Portfolio > Present Through a Rear-View Mirror

solo exhibition at state in San Francisco, CA from August- October, 2017

Salt Circle
salt, resin, steel on wood panel
48" diameter
2017
Blackdragon Mine #8
graphite on paper
11 x 9 in
2017
Panta Rhei
graphite, salt on panel
48 x 36 inches
2017
Yellow Salt Blood
salt, PVA, wood panel
23 x 60 in.
2017
Untitled
iron, salt on paper
11 x 9 in
2017

Press Release

state is pleased to announce Present Through a Rear-View Mirror by San Francisco-based artist Rachelle Reichert. This exhibition is the culmination of "Summer Home", state’s first ever residency program in which Reichert was chosen to create work on-site in the month leading up to her solo exhibition. Present Through a Rear-View Mirror is a collection of new works that address ideas about raw materials and their extractive economies. The artist offers a close reading of material by facilitating its decay, corrosion and metamorphosis. This careful way of looking draws both inspiration from and a contrast to technological forms of vision utilized in the exploitation of materials. Present Through a Rear-View Mirror will be on view from August 5 - September 23 with an opening reception on Saturday August 5 from 6-8 PM with the artist in attendance.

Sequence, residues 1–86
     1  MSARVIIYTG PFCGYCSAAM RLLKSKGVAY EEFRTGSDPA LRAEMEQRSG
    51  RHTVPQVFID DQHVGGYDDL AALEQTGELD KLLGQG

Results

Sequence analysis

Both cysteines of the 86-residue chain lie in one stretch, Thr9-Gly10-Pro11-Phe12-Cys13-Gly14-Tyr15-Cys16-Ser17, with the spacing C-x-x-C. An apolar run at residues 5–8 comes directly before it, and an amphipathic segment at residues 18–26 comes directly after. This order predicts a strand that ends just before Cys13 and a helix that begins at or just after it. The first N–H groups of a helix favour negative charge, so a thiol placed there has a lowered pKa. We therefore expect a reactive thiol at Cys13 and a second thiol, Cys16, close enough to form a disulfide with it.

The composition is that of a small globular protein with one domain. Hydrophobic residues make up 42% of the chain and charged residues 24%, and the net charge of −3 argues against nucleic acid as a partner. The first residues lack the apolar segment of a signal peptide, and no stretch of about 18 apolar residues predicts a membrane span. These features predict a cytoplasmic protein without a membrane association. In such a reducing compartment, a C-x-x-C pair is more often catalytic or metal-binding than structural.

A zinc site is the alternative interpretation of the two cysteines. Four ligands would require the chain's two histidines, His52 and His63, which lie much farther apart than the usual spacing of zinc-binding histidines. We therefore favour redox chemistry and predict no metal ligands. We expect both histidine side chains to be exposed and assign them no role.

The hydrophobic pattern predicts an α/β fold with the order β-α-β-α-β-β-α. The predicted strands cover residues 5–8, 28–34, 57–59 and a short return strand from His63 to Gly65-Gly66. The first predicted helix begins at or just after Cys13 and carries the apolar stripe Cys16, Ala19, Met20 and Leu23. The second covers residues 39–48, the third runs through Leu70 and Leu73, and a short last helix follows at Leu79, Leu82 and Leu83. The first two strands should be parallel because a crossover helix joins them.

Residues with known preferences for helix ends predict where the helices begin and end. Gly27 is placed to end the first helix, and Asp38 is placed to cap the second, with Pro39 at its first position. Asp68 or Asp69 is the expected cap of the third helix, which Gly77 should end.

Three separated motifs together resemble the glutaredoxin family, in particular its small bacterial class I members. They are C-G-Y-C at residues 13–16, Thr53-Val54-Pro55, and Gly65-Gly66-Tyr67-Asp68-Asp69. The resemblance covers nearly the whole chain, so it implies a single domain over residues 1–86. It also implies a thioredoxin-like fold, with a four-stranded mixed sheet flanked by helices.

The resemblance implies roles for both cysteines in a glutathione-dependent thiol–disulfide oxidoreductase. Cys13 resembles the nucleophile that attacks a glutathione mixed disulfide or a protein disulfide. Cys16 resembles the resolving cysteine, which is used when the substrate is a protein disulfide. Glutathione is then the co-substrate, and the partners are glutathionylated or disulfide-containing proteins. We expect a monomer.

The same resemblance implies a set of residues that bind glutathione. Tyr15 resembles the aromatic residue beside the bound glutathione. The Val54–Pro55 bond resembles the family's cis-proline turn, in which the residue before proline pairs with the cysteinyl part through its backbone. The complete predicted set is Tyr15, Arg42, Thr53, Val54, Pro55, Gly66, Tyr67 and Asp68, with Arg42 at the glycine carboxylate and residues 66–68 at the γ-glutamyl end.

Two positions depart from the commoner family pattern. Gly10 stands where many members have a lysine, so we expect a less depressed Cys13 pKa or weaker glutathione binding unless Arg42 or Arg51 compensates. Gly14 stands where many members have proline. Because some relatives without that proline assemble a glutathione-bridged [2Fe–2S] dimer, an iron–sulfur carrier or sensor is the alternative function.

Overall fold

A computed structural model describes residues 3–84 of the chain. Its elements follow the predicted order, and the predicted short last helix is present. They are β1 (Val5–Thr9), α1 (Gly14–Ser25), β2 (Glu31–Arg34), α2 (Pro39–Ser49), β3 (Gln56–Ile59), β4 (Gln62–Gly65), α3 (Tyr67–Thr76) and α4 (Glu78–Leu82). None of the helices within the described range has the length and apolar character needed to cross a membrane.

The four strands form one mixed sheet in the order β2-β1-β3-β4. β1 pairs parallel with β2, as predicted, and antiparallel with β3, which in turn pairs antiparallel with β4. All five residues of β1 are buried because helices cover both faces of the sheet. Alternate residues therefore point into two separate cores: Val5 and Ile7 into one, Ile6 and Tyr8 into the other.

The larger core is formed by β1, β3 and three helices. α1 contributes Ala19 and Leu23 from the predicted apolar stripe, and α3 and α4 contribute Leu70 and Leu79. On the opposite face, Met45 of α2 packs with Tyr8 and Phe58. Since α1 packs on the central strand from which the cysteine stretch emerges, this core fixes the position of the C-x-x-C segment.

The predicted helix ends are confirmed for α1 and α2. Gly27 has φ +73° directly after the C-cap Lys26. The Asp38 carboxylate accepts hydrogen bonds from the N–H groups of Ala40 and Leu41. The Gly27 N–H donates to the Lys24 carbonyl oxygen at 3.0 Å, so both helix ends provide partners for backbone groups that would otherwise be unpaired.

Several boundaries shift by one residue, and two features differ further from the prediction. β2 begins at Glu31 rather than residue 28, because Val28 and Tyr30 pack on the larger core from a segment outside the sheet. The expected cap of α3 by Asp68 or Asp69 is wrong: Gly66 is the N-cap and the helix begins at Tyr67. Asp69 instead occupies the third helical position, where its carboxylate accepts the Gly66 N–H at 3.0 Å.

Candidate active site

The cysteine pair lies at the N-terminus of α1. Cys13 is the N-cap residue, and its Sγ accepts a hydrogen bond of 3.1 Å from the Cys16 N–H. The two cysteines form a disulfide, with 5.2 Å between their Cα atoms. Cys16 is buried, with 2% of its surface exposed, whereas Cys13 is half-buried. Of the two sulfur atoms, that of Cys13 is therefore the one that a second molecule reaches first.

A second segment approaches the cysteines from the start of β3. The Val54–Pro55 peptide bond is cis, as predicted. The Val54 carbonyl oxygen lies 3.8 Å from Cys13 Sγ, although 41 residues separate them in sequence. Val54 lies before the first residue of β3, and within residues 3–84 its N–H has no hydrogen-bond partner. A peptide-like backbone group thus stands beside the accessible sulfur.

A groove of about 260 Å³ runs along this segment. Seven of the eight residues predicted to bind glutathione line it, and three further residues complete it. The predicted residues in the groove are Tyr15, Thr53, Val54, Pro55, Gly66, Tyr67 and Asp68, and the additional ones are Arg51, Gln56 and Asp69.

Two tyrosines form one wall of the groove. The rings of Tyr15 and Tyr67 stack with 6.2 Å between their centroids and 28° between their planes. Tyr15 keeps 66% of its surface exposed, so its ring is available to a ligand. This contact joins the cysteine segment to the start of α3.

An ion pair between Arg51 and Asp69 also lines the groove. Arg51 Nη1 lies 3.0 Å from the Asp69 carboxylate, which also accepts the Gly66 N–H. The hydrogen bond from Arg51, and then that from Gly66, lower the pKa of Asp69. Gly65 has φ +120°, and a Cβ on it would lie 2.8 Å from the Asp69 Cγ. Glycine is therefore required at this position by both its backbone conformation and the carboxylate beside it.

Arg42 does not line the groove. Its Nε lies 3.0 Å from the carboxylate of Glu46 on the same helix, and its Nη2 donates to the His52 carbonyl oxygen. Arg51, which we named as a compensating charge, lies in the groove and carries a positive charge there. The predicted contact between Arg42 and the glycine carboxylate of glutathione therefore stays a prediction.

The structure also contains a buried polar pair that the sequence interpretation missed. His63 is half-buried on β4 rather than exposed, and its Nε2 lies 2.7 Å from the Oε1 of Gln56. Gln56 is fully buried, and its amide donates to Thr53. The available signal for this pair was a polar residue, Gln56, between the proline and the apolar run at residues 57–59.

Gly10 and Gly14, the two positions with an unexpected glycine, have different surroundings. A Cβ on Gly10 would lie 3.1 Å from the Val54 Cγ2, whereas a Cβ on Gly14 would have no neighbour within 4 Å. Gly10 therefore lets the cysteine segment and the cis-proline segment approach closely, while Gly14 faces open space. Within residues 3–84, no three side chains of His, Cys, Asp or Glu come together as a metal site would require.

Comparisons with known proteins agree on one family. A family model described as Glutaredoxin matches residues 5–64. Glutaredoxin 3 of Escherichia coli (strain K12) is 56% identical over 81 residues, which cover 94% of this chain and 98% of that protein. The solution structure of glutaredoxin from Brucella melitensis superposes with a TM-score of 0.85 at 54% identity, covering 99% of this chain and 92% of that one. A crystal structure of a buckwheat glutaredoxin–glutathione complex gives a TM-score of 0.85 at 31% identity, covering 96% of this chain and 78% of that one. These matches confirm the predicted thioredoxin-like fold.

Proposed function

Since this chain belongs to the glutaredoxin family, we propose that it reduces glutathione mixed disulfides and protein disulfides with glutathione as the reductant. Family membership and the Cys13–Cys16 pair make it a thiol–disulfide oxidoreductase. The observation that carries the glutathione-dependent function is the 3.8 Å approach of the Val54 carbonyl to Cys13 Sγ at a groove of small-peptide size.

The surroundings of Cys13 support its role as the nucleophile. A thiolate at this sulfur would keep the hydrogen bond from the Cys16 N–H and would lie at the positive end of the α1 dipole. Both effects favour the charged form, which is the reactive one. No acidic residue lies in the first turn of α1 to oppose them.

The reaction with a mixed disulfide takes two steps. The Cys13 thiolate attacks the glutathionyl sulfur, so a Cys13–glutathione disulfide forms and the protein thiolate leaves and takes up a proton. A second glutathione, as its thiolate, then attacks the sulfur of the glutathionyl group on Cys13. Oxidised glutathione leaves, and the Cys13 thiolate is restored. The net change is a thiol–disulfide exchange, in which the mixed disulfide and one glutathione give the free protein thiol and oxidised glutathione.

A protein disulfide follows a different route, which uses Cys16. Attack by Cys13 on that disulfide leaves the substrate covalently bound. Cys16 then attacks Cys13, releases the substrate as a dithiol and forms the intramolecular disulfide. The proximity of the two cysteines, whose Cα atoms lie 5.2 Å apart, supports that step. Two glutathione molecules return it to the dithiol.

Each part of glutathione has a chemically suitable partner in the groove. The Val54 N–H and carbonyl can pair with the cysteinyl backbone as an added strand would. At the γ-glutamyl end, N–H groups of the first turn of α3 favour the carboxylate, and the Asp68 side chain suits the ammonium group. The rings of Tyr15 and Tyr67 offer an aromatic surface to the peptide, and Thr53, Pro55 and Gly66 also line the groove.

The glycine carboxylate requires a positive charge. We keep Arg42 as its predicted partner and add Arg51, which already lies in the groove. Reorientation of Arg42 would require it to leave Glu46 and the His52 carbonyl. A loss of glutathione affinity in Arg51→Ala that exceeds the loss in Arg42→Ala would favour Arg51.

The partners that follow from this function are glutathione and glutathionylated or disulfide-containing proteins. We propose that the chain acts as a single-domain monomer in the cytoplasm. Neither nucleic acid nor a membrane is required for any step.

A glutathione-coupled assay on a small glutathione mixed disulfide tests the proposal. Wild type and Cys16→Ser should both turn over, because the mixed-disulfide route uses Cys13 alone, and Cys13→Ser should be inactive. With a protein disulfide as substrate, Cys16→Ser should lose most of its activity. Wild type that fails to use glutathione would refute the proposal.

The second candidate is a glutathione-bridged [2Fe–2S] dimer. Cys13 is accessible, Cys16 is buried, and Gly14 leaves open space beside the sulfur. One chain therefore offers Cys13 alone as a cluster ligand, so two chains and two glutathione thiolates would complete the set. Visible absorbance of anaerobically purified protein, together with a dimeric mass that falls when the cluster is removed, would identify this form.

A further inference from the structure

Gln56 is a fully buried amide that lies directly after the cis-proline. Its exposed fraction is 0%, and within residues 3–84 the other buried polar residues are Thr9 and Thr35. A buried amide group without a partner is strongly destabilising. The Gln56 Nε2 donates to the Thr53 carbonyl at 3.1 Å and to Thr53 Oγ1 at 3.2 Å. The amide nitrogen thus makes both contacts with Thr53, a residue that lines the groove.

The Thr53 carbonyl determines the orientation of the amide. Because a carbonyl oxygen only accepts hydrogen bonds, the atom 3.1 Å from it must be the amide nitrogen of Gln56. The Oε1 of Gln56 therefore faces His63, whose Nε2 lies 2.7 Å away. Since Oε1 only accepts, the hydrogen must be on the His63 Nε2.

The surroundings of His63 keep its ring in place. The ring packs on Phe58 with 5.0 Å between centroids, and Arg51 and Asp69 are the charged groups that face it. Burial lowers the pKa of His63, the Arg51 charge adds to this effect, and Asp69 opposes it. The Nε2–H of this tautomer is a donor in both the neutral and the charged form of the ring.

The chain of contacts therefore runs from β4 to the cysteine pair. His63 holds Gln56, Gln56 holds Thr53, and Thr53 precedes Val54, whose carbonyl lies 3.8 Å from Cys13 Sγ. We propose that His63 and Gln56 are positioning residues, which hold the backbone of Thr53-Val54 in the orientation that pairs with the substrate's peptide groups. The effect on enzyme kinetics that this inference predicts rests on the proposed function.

Originally trained as an academic oil painter, Rachelle Reichert has been working exclusively with terrestrial material over the past five years. For this exhibition, Reichert will be showing works made of salt and graphite. While the artist’s practice broadly questions humanity’s relationship to earthbound substances, this exhibition will emphasize the materials’ physical change —the slow “deep time” of geomorphology. Reichert elucidates:
Precarious states of transformation - entropic processes such as crystallization and corrosion - are observed. At a time when technology seeks to accelerate and disembody human experience, these observations point to larger processes that declare a primordial tempo and physicality.
The front gallery will display three large scale pieces, one of which was made at state—a ten foot by four foot piece of steel rusted over the course of the residency in a salt bath prepared by the artist in the gallery. Displayed on the floor and bent in an elegant arc, the work is a striking visual record of salt’s ability to hasten corrosion. The steel’s surface is marked with a crystallized texture that references the earth’s topography as seen from above. Untitled (Salt Circle), is a hanging wall piece of salt crystals bound by a circular ring of steel. Harvested by the artist off the southern shores of the San Francisco Bay, the material will slowly interact with its steel frame marking the chemical communication between salt and steel over time.
The exhibition also contains a collection of recent graphite drawings on panel and paper, that are abstract references to satellite images of Chinese graphite mines as they grow. The graphite from these mines is used not only for Reichert’s drawings (which bear the names of the mining regions in their titles), but also for “clean” technology like the lithium ion batteries used to power our cell phones and electric cars. On September 14 at 6:30pm Reichert will be in conversation with satellite earth-imaging specialist and designer Robert Simmon (NASA, Planet Labs) to discuss her work and its relationship to the human extraction and consumption of earth substances that we so often take for granted.